For as long as I can remember I have been labelled as shy. It has negative connotations. Shyness is a negative trait. I have long wished I wasn’t shy. Over the years I have put images on my vision board time and time again to motivate myself to do something to be more extrovert, to learn to enjoy networking events, to love talking on the telephone, to get out there and mix with others in the world.
The reality is not so simple. My idea of a nightmare? Put me in a room full of strangers and say, “go mingle”. Put me in a room full of family and friends and I’m still not wholly comfortable. Don’t get me wrong, I love the fact that I am surrounded by loved ones, but being in a large group doesn’t put me at ease. I’m drained by groups. I’m exhausted by crowds. I feel uneasy.
|Small talk doesn’t come easy
Photo Credit: Linden Laserna
Making small talk is something I find hard to do. It is a huge effort. I need time to think and small talk, conversations with strangers, doesn’t give me that time. When you ask me how I am, more often than not it won’t cross my mind to ask you how you are doing too. The effort of interacting, of thinking on the spot is a mind boggling effort for most introverts that no extrovert could ever comprehend. It’s not because I’m not interested, I really am. It’s just not in my nature to make small talk with you and by the time I realise I should ask how you are, you’ve moved on, lost interest, grown bored of trying to pull basic information out of me.
I’m way out of my comfort zone talking to strangers. Add to that having to communicate in a foreign language and I am often floored by the fact that I converse with anyone outside my family. But I do. On a daily basis. In a language that is not my mother tongue. It used to be a lot harder. For a child, shyness can be crippling and stressful. I know firsthand.
I was the child that hid behind my mother’s skirt tails. I was the child that needed an hour to warm up at my grandparent’s house. I was the child in school that rarely put their hand up when the teacher asked a question, even though I knew the answer. I was the kid that dreaded hearing the teacher say “…and then you’ll give a presentation on it….” I hated those forced debates we had in the classroom, one group pro and one group against one controversial statement or another. I hated it when our religious education teacher, Mr Strang, declared we’d make a play of the bible story we’d just covered. I felt guilty for acts I never committed. I was the child that felt a classmate’s humiliation. The stress and dread was real in each situation. Being centre stage was not in my nature. It’s still not in my nature. All grown up but I’m still shy.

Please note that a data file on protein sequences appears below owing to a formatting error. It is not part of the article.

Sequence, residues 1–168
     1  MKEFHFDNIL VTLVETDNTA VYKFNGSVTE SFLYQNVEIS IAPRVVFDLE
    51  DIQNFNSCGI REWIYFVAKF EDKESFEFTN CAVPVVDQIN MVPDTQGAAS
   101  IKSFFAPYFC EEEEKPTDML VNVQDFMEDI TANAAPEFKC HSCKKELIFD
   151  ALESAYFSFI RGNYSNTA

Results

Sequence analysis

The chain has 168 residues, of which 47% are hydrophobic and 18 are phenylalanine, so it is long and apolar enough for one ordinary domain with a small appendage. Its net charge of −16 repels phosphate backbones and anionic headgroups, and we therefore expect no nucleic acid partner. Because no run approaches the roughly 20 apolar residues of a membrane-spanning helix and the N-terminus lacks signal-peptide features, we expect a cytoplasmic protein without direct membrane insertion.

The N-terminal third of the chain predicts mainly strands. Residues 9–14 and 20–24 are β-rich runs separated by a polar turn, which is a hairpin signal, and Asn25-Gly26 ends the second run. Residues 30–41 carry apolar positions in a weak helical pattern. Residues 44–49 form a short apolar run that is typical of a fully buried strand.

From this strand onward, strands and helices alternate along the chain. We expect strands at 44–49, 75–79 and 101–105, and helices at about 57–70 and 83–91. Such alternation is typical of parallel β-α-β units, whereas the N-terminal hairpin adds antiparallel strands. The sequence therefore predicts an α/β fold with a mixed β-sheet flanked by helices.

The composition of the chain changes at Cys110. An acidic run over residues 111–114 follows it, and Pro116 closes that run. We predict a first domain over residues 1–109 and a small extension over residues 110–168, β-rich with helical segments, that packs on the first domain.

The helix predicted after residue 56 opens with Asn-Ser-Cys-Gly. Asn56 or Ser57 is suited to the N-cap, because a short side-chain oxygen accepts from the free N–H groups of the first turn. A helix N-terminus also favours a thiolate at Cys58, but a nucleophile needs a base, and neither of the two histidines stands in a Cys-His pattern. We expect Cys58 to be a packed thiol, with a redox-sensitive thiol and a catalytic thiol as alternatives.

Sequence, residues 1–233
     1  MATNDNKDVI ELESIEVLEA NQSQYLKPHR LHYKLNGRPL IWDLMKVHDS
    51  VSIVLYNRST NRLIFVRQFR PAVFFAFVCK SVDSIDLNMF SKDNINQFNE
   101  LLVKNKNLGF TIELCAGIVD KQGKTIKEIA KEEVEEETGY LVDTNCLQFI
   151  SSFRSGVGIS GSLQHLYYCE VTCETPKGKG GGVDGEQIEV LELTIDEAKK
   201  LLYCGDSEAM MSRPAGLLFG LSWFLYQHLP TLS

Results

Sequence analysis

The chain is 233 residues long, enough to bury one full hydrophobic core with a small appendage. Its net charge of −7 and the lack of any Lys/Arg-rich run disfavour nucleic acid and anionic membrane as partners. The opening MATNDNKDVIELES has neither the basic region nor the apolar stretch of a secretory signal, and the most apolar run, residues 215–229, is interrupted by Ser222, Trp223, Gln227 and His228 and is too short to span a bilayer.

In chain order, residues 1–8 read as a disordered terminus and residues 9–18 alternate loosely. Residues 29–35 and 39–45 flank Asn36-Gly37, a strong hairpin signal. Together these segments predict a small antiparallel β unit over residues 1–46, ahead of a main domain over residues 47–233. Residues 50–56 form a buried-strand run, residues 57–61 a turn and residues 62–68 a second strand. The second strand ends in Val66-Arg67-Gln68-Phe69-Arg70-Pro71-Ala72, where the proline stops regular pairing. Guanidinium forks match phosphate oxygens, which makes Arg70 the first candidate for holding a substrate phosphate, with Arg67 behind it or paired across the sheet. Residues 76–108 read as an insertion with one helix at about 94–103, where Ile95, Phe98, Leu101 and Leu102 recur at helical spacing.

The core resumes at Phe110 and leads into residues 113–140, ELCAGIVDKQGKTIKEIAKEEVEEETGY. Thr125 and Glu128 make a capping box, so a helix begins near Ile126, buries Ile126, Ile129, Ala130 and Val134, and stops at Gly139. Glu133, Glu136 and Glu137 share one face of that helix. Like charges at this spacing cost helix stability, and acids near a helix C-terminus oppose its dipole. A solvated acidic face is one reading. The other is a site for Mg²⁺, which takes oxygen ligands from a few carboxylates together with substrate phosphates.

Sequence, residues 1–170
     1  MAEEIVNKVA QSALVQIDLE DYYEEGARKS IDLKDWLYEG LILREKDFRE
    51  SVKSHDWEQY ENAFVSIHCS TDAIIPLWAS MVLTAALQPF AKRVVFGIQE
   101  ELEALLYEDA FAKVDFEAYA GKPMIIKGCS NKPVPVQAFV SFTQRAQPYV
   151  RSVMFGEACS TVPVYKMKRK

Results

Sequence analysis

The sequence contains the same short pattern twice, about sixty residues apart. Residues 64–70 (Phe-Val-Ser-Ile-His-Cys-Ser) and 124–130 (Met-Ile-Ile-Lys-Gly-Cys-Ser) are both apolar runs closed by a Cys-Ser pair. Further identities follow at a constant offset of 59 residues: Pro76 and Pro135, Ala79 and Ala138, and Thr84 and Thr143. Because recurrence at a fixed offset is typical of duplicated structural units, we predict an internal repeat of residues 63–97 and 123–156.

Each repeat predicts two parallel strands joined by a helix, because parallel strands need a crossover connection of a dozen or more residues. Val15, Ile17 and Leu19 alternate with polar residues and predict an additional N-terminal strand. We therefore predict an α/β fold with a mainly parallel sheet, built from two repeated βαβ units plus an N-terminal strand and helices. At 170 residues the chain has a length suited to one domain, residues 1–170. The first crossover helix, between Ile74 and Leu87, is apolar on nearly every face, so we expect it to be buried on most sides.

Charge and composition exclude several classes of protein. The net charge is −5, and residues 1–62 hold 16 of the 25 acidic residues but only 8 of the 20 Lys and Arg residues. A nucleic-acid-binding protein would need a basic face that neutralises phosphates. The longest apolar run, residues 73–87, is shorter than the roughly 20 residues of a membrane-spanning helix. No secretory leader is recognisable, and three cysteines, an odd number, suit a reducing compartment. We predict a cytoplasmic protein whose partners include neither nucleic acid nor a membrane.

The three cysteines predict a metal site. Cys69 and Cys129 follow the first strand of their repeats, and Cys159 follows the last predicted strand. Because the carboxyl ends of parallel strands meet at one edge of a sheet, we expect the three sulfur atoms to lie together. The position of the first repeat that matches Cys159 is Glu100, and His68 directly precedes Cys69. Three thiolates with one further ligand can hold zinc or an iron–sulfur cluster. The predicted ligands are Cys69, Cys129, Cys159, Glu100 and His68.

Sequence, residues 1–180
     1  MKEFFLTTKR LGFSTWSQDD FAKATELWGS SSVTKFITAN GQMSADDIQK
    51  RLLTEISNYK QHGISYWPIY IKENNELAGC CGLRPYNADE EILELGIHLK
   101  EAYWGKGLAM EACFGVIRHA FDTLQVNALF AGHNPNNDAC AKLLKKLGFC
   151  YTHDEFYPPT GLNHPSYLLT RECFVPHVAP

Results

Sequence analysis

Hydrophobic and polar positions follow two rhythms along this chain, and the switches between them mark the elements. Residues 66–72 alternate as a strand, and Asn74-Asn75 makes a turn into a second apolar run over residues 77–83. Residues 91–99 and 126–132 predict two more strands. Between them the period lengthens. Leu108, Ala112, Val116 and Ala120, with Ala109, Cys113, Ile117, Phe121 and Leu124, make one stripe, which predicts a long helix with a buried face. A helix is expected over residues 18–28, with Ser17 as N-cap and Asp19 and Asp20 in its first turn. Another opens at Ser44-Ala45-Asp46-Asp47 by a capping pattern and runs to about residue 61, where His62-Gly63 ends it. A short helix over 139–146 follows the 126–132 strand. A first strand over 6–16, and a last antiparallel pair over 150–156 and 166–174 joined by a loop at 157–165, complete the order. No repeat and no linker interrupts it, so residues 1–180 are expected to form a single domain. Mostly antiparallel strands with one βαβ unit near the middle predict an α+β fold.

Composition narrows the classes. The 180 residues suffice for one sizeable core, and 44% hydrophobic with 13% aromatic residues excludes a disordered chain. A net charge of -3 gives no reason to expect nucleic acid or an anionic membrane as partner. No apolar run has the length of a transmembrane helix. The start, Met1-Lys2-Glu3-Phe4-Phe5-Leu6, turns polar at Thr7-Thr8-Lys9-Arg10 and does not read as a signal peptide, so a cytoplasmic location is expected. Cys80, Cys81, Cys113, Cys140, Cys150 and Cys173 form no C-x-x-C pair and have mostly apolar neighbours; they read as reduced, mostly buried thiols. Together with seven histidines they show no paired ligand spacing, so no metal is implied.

Becoming a mother is learning to know and accept yourself. Becoming a mother is like holding a mirror up to yourself twenty four hours a day. You can’t expect your children to love themselves if they don’t have that example. Motherhood has taught me that my own childhood was not about shyness, it was about being an introvert. Introvert covers it better than the dreaded S word. I’m not flawed. There is nothing wrong with me. The fact is that I am an introvert. It’s not a negative thing. And because I recognise that now, and accept introvert is what and who I am, I can pass that message on to my sons in a positive way.
|Introverts need reflection and quiet
Photo (c) Amanda van Mulligen
Boys, it’s okay to be introvert. It’s okay not to want to play in large groups on the playground. It’s okay not to want to raise your hand in the classroom and be the centre of attention. It’s okay to need time in your room alone, even if we have company. It’s okay to want things to be familiar around you, to be wary of the new and unknown. It’s okay not to want to tell your story, to shout from the rooftops. It’s okay to think before you speak, to reflect on things before you share them. It’s okay to be quiet. It’s more than okay to be an introvert.
I am an introvert. My children are introverts. It doesn’t need to change. We don’t need to change. As a mother I will reinforce this every day. I promise to make sure my children do not spend their childhood feeling like they don’t match up to society’s expectations. I will make sure that my children don’t feel that they are not good enough because they don’t shout loudest. I will make sure they don’t feel inferior because they don’t feel comfortable standing before the class to share their story. I won’t allow them to feel crippled with the fear that there is something wrong with them. I will teach them ways to make space for their thoughts, to understand their needs. I will help them accept their introverted selves. I will make sure they are not labelled with the S word, that they don’t see their quietness as a flaw.
I promise to raise my children with the understanding that the world needs introverts, just like it needs extroverts.